To protect your employees, you should decide who can access the tracking information. If you are a small business and you are the only manager, then you might not need a policy. But larger companies should identify who can access the information and under what circumstances.
- Carefully explain that you will not access the information after work hours. You might be violating your employee’s privacy by, for example, tracking them as they go to the hospital on their off hours.
Meet with your business lawyer.
Your lawyer can help you understand your legal responsibilities and any wrinkles in the law. Explain that you want to track your employees using smart phones and ask for the lawyer’s advice.
- If your business doesn’t have a lawyer, then get a referral from your local or state bar association.
Monitoring Employee Communications
Monitor only equipment you own.
As with tracking an employee’s physical location, you shouldn’t try to hack or access an employee’s cell phone to read their emails or listen into their phone conversations. Instead, you should limit your monitoring to cell phones you provide your employees.
- Of course, if an employee is having loud conversations on their personal cell phone, then you can certainly punish them for not working on company time. You don’t have to go out of your way to avoid overhearing a conversation.
Learn your state law.
States may offer employees more protection than the federal law. For this reason, you should research your state’s law on intercepting communications such as phone calls. Talk with your lawyer and look online. Each state’s law is different.
- In California, for example, a monitored conversation must have a beep at regular intervals or a message stating the call is monitored.
Avoid reading private emails on private accounts.
If your employee uses a private email account (such as Gmail) that is password protected, then they have a reasonable expectation of privacy. The law is in flux, but as an employer you should protect yourself by not reading those emails.
- Computer hacking laws prohibit people from signing into someone’s personal account with their password.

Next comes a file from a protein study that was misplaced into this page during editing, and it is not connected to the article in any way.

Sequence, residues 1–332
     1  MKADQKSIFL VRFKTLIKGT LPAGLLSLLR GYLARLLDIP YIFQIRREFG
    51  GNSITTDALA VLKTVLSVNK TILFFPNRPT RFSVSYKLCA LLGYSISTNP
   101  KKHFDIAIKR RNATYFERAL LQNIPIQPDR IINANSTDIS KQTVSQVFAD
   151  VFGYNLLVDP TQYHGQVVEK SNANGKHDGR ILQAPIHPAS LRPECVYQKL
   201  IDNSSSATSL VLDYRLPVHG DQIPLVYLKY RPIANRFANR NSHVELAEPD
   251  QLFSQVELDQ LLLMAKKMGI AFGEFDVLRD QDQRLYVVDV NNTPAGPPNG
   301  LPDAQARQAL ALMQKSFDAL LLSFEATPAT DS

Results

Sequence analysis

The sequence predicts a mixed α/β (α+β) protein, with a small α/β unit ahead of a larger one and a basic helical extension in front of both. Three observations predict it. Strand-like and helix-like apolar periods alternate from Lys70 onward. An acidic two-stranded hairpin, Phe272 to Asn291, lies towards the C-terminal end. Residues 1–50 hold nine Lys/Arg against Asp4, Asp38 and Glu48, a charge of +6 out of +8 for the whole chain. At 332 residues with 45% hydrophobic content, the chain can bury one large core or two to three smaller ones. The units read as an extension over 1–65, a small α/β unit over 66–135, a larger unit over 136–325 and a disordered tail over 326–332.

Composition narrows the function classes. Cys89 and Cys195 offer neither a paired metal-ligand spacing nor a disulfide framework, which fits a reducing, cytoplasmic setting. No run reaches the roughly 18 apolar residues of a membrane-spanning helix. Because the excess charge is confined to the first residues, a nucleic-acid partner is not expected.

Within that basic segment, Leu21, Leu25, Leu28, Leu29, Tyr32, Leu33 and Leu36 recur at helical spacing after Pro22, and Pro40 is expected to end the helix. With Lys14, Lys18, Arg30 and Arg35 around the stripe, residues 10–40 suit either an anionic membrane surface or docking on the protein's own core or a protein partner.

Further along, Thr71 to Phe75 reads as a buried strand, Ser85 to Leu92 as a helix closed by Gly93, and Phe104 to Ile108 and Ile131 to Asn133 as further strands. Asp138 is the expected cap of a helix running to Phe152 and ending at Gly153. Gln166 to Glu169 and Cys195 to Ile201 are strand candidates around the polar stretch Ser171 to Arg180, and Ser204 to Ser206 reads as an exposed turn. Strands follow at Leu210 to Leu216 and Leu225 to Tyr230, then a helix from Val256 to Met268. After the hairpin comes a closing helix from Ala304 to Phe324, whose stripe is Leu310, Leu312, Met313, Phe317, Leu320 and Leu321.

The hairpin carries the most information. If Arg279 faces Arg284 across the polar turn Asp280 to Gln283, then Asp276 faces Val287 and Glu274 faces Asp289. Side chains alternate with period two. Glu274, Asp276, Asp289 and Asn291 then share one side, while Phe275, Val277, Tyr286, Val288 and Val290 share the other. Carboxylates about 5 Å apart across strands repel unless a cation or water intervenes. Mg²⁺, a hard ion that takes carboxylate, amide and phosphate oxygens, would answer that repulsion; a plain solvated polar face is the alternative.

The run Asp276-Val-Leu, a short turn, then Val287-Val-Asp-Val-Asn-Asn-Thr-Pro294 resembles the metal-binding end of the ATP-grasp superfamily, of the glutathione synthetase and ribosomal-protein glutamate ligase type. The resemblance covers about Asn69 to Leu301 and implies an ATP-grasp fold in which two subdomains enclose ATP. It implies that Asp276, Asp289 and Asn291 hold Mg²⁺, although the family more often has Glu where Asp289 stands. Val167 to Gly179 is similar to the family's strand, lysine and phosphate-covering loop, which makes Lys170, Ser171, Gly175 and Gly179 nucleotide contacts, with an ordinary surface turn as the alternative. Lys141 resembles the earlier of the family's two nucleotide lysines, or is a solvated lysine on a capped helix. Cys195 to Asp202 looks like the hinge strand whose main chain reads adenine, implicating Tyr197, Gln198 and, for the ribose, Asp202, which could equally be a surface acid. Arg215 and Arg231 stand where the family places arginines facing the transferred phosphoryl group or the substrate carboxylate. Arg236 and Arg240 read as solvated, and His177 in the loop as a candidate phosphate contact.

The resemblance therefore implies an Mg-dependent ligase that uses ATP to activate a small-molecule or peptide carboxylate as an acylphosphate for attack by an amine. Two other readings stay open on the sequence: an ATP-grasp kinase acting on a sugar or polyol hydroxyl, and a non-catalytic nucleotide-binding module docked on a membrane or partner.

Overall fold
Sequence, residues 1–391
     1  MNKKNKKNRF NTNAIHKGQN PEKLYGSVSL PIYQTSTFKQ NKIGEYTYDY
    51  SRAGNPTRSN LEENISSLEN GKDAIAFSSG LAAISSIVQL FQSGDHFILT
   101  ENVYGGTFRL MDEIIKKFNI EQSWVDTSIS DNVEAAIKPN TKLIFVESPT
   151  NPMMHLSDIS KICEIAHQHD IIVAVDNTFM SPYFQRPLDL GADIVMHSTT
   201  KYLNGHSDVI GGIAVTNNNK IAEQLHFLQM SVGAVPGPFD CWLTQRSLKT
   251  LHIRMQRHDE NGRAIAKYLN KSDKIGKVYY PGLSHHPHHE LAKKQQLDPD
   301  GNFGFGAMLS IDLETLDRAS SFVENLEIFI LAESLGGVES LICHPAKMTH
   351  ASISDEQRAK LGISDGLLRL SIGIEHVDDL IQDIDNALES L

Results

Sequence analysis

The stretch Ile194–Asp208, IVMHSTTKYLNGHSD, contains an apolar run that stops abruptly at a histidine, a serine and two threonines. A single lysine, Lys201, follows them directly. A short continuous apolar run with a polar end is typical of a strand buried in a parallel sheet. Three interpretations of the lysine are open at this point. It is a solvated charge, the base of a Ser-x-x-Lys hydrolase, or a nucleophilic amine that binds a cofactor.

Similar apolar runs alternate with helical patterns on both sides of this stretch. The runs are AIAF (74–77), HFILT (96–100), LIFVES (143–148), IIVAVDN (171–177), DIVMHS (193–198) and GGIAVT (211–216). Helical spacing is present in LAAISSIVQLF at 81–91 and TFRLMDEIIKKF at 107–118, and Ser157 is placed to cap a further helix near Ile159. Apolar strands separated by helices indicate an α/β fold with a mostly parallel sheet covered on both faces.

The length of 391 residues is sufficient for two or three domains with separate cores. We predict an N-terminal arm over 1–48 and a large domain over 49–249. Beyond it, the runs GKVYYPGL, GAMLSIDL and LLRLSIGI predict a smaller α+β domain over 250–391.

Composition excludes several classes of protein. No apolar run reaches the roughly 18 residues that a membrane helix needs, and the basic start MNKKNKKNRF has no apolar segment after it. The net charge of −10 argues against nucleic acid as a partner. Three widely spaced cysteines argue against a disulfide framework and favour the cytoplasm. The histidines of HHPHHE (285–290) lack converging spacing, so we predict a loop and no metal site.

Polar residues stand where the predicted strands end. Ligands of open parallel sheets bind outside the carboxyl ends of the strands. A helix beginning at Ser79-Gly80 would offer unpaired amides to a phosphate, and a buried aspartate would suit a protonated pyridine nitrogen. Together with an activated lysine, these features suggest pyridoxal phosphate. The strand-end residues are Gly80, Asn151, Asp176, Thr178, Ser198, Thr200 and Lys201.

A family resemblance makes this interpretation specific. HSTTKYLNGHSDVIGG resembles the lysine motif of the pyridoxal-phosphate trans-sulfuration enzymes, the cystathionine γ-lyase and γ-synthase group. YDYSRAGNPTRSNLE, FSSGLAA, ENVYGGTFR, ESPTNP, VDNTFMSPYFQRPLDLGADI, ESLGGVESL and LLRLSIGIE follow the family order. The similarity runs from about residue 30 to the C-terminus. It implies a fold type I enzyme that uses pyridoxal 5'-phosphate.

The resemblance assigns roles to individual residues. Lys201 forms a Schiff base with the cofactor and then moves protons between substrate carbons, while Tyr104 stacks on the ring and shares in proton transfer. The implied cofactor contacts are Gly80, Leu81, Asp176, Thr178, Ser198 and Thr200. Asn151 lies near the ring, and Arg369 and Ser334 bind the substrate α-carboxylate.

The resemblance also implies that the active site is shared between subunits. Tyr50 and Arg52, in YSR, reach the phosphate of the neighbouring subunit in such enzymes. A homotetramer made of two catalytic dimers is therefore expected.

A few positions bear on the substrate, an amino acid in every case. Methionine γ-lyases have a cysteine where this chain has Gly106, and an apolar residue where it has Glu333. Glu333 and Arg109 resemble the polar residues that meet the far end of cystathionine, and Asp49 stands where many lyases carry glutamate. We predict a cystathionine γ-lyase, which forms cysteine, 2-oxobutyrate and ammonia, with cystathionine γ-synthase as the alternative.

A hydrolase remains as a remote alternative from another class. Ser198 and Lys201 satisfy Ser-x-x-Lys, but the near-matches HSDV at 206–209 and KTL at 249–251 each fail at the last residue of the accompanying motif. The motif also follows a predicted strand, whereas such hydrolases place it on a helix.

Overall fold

- Don’t access these accounts even when the employee is using your company phone. You are taking a risk if you do.
Stop monitoring a call you know is personal.
When you start listening to a call, you probably don’t know the substance of the conversation. However, as soon as you realize that the call is personal, federal law requires that you stop monitoring it.
- Nevertheless, you should note that your employees received a personal phone call using the work cell phone. You might have told them to use the phones strictly for work purposes.
Tell your employees they have no expectation of privacy.
You should clarify in your employee handbook/manual, employment contracts, and other documents that employees have no expectation of privacy when using your cell phones. Clarify that this includes emails and telephone calls.
- For example, you could write, “When using Acme Consulting equipment or resources, our employees do not have any expectation of privacy in their use of such resources or equipment. Pursuant to our company policies, we may monitor our employees’ email and phone use. This policy does not suggest that all employees will be monitored. We have no duty to do so. Instead, it is meant to bring to your attention the fact that monitoring may occur.”
- If you do give assurances that you won’t monitor phone calls or email, then you are required to follow those promises.